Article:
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"Fighting the Odds"

"Fighting the Odds"

Engineering students develop tools for preemies
University of Hartford Observer, Spring 2009

How do you give engineering an emotional appeal? By focusing first on the benefits that result from engineers' work. Even better, show how engineers can make life better for, or save the lives of, babies. Premature babies have low birth weights and have developed insufficient body fat to keep themselves warm. And their brains and autonomic nervous systems are also underdeveloped. That puts them at high risk for potentially deadly apnea, or cessation of breathing.

When Jim Smith was hired by the University of Hartford to write a feature about the work being done by students in the university’s Center for Life Support and Sustainable Living, he zeroed in immediately upon the work they were doing to help premature babies. Jim’s story for the university’s The Observer magazine began by painting a picture of the challenges facing babies born too soon; it then described exciting new devices being pioneered by professors and students in the center that could significantly improve both monitoring and care of these tiny infants.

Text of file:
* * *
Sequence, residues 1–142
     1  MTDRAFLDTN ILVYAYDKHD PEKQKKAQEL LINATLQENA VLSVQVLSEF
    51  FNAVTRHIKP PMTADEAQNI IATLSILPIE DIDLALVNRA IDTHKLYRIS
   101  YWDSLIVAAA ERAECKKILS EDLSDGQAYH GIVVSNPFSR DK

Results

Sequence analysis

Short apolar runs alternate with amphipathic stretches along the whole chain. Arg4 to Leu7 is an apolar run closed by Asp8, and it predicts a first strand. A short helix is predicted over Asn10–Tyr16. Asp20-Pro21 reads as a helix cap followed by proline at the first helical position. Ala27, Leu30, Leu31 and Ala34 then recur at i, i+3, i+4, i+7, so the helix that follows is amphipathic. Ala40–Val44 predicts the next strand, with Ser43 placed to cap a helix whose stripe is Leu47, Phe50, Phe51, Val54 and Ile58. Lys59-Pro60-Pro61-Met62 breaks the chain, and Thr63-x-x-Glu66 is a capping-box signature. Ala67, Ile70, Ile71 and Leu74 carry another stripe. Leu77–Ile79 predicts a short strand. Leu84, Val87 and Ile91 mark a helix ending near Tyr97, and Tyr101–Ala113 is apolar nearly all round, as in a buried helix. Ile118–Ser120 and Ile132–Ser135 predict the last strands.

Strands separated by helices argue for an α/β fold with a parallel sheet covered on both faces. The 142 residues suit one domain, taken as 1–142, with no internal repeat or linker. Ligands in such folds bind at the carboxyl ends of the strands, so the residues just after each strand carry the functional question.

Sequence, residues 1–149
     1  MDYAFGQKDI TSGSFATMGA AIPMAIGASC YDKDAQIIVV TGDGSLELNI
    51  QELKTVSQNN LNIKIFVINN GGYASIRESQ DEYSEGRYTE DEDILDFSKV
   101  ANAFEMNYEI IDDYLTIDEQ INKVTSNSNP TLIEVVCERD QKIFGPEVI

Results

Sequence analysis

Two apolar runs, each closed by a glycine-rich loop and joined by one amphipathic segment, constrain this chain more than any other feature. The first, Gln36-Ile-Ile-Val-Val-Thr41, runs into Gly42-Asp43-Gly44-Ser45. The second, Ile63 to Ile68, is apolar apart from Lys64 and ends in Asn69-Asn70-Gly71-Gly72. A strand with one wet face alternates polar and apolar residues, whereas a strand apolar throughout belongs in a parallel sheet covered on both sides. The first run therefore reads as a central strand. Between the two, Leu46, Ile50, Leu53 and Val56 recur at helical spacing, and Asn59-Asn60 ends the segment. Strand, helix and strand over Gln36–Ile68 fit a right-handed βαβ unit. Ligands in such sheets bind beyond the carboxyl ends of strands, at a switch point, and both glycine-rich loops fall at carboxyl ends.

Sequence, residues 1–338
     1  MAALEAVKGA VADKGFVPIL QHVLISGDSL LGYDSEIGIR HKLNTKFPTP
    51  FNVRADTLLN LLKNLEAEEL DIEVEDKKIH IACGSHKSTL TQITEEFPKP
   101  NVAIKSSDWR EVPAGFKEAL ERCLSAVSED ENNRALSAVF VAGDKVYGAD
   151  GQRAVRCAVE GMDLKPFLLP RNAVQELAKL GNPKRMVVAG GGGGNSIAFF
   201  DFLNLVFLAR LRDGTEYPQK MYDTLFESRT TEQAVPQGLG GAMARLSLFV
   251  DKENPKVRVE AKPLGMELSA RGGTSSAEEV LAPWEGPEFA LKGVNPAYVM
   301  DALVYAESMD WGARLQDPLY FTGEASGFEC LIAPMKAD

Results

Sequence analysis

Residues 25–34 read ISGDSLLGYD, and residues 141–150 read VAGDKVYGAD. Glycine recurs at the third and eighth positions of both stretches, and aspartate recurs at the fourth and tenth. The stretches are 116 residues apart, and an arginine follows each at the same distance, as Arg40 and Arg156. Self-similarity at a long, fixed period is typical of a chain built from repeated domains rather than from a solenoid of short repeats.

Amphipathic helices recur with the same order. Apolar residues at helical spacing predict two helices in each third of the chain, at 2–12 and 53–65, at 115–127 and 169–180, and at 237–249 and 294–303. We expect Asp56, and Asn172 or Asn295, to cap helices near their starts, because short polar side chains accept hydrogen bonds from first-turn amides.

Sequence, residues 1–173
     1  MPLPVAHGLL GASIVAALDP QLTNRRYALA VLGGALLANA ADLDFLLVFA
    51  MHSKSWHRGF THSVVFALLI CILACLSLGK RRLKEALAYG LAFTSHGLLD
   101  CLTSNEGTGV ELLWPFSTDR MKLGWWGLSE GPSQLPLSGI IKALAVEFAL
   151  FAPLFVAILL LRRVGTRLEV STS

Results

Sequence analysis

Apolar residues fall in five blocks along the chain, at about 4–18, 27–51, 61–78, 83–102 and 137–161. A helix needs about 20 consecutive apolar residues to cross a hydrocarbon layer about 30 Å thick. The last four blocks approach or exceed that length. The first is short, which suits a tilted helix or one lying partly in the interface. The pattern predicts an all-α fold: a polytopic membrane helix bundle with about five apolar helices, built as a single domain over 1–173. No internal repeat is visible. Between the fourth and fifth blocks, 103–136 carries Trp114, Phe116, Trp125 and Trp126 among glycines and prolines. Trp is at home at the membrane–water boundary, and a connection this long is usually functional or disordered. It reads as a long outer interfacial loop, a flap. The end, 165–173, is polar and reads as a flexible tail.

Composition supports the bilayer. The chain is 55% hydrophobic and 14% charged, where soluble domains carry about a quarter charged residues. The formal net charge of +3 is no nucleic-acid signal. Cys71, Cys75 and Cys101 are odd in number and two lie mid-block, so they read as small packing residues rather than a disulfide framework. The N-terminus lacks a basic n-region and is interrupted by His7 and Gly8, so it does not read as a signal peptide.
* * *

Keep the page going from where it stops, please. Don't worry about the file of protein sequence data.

“Early in my career, I was executive director of a March of Dimes chapter,” says Jim.  “I vividly remember visiting a neonatal intensive care unit where there were babies so small that you could have held one comfortably in your two hands. They were being kept warm in incubators and they were quite literally fighting for their lives.

“Monitors would alert nurses if a baby stopped breathing. The nurses would rush to the incubator and manually remind the baby to breathe. It happened often, and it was a wrenching thing to observe. I wanted my readers to contemplate that scenario before embracing the valuable work being done by the university’s students to address it.”

Click on the link at left to read "Fighting the Odds" from the Spring 2009 issue of the University of Hartford's alumni magazine, The Observer.

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